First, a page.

By Dan Andrews & Elyse Dwyer
When Australia’s dirtiest coal-fired power plant, Hazelwood in Victoria, closed in 2017, Australian authorities were blind to the collateral damage.
Closing a plant that accounted for a fair chunk of Australia’s greenhouse gas emissions would help bring emissions down, but the costs to the displaced workers were unknowable.
How many of them would lose income, and for how long? How many of them would earn mere fractions of what they used to earn years into the future?
Twelve coal-fired plants closed between 2010 and 2020, and now a deep dive into the tax records of workers in that industry provides us with the first systematic insight into what happened.
The study we carried out for the e61 Institute along with colleague Lachlan Vass examined taxation microdata to track the earnings trajectories of Australians who received redundancy payments between 2010 and 2020 by industry.
Our study, published this morning, finds that on average across all industries the workers made redundant earned around 43% less in the following year.
Incomes plummet by two-thirds
But workers made redundant in coal-fired power plants did much worse than the overall average. They earned 69% less in the year after they lost their jobs, earning a mere third of what they had.
Some of the loss would have been due to earning less in new jobs, and some of it would have been due to working fewer hours in new jobs. The tax data doesn’t enable us to tell which is which. Both would be important.
And for workers who lost jobs in coal-fired power plants, the effects lingered.
Four years after being made redundant, the workers in coal-fired power plants earned 50% less. On average across all industries, the workers made redundant earned only 29% less.
Why power stations workers do badly
There are at least four reasons why the incomes of displaced coal-fired power station workers are likely to be lower than the incomes of other displaced workers.
One is that many coal-fired power plant workers possess highly job-specific skills (related to operating specialist equipment) that aren’t readily transferable to other jobs, or at least not to other jobs in that location.
Another is that many coal-fired power plant workers derive high wages from strong union representation, meaning they are likely to earn less if they switch to less-unionised sectors.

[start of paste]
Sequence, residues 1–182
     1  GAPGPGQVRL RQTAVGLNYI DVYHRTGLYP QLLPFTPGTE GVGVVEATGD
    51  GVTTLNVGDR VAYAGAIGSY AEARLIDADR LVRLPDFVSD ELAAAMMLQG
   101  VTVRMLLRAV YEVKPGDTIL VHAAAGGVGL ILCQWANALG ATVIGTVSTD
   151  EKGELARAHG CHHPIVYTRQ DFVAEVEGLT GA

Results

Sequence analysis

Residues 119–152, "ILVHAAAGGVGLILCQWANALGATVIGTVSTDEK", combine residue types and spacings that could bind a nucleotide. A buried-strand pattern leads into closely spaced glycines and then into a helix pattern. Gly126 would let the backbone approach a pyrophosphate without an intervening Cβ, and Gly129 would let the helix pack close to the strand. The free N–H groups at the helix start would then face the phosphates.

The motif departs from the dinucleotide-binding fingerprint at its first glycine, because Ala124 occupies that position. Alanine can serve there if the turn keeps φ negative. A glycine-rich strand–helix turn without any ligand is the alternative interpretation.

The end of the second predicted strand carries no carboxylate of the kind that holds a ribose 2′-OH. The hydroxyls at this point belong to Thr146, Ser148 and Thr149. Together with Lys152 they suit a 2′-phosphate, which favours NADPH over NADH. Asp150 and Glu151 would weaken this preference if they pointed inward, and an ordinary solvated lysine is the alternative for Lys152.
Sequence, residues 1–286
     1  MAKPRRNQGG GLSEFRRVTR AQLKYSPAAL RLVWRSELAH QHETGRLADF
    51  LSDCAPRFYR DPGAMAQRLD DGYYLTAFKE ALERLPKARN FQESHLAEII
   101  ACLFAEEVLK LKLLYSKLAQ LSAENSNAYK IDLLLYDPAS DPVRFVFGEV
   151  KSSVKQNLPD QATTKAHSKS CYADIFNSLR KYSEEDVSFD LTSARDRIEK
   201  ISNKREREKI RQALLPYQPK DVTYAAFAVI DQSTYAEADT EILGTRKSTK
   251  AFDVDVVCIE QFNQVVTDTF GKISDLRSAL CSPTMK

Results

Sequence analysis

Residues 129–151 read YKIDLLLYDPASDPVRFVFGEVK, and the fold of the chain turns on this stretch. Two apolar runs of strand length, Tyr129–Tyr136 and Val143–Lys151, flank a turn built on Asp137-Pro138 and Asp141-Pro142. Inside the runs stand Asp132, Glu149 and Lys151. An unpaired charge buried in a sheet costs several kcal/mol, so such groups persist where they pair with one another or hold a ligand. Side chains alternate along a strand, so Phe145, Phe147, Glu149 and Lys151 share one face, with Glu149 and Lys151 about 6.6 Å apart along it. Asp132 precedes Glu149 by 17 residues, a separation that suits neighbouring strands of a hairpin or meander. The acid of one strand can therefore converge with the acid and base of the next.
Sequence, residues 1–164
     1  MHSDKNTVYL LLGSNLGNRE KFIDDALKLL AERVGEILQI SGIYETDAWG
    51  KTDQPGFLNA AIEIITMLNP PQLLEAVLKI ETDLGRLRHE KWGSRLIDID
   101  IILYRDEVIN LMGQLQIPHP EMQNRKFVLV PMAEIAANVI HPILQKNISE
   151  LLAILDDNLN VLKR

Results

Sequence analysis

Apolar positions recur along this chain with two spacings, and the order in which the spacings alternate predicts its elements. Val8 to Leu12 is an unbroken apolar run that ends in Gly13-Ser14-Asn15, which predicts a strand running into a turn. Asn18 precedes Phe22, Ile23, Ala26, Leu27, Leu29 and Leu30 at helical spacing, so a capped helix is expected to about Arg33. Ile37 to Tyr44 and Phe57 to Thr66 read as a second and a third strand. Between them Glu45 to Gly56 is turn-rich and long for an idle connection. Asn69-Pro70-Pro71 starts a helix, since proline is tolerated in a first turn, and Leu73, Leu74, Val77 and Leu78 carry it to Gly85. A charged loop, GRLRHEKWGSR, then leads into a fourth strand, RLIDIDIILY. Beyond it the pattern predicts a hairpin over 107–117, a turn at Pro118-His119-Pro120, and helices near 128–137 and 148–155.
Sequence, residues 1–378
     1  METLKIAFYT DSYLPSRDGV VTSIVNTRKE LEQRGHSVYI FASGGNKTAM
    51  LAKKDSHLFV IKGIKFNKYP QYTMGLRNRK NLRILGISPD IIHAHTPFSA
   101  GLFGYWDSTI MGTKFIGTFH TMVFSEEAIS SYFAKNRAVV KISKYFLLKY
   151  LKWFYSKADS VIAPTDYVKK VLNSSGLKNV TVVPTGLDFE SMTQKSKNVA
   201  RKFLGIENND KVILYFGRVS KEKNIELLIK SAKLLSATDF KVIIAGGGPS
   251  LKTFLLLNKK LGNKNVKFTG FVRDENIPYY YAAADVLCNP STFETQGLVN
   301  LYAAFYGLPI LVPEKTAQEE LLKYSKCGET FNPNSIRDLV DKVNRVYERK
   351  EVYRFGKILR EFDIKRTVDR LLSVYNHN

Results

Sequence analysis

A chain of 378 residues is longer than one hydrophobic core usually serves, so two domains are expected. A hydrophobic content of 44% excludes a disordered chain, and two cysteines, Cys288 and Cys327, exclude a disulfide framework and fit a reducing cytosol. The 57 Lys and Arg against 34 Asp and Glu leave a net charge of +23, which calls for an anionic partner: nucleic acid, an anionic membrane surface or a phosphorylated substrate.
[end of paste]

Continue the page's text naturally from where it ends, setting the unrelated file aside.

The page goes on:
Yet another is that coal-fired power plants are often a major source of local employment and provide support to other employers, meaning that when they close the overall unemployment rate in their region increases, making it hard for the workers they displace to get good jobs unless they move.
And another is that they are usually older. Bureau of Statistics data suggests that in 2010 55% of workers in coal-fired power plants were aged 45 or older compared to 35% in the economy at large.
Workers aged 40 and over do much worse after redundancies than younger workers, and workers in coal-fired power plants even more so.
The case for special support
Another 18 coal-fired power plants are set to close in coming decades. Our study suggests that while these closures will benefit the nation as a whole, helping fight the existential threat of global warming, they may impose foreseeable and long-lasting costs on an identifiable group of workers.
Half a century ago when Prime Minister Gough Whitlam slashed tariffs on imports by 25% in an effort to fight the lesser threat of double-digit inflation, he extended special support to those the decision would put out of work.
Whitlam offered every displaced worker retraining and “a weekly amount equal to his [sic] average wage in the previous six months until he obtains or is found suitable alternative employment”.
Opponents of this sort of targeted support point out that the number of workers set to lose jobs from coal-fired plant closures is minuscule compared to the millions of workers who leave jobs for other reasons every year.
But there is something different about losing a job when it is the result of a government decision, especially one that targets a particular geographic region.
We now need a national conversation on whether special support is warranted for those we know the move to net zero will hurt.
Dan Andrews, Visiting Fellow and Director – Micro heterogeneity and Macroeconomic Performance program, Crawford School of Public Policy, Australian National University and Elyse Dwyer, Researcher, Department of Economics, Macquarie University